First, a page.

Comparing Science in Minecraft with Alexis Toliver



Learning Objectives

Comparing Science in Minecraft with Alexis Toliver:

Be able to identify difference between the way chemistry, biology and physics behaves in the real world compared to how it behaves in Minecraft.

Be able to describe the real world science that is partially represented in Minecraft.

Guiding ideas for Comparing Science in Minecraft 

Lesson 10 This is a synoptic lesson which should draw on the experiences that students have had in the other chemistry lessons. However, it follows particularly well from the lesson titled ‘The Scientific Method’. It is not possible for Minecraft to accurately mirror the full complexity of the real world so many things have to be  simplified. Some examples of discrepancies and discussion points include: • In the real world TNT can explode underwater. What was the game designers’ rational for adding sodium to Minecraft TNT to make it explode underwater? • The Minecraft sodium acetate ice bomb turns water into ice. How does this differ from real word sodium acetate ‘ice’? • In Minecraft magnesium salts are created by combining NaCl and magnesium.  What would happen if you reacted magnesium and NaCl in the real world? • Iron ore when placed in the material reducer produces iron.   What other elements would you expect to find in iron ore? • What real world chemical reactions would you like to see in Minecraft?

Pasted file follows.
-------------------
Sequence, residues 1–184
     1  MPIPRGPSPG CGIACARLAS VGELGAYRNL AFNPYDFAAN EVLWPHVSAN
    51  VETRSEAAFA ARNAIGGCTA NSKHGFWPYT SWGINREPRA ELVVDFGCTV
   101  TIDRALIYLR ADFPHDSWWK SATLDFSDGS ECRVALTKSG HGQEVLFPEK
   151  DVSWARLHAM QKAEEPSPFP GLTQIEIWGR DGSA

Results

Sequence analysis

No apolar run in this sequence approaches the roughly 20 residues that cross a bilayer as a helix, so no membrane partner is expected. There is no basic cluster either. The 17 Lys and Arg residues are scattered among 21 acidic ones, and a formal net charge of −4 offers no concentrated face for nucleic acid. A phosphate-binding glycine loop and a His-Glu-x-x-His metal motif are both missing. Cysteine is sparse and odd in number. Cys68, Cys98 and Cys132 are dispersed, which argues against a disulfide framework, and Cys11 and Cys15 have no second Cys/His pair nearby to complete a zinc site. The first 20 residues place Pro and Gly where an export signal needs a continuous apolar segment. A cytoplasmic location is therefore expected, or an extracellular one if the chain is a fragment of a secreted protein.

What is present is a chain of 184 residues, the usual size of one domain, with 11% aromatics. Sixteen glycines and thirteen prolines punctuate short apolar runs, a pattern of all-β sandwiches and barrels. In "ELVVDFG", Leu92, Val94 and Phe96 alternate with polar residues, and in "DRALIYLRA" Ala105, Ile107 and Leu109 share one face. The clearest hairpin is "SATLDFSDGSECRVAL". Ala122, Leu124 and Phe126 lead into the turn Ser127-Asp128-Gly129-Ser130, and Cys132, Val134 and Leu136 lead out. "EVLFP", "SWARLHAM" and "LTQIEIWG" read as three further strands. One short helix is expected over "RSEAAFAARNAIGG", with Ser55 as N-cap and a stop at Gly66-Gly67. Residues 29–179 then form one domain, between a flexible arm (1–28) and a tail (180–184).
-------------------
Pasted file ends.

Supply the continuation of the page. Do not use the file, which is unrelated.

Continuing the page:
Student activities in Comparing Science in Minecraft 

Students in Comparing Science in Minecraft may use the Minecraft based experiments they devised in the earlier lesson ‘The Scientific Method’ and then design equivalents for real world situations. If practical students could be allowed to perform the real experiments. Students should research the real world equivalents to Minecraft science and begin to explain the differences between them. They may also like to think about why the game designers have used particular game mechanic to approximate a real world situation, as in the TNT example given above.

Performance expectations

Students should be able to formulate a theory and experiment to test it. They must keep a laboratory book that details their experiment, observations, theories and conclusions. They should then present their work to the class.


  • Collaboration
  • Creativity
  • Project Based Learning



There are no reviews yet.

Only logged in customers who have purchased this product may leave a review.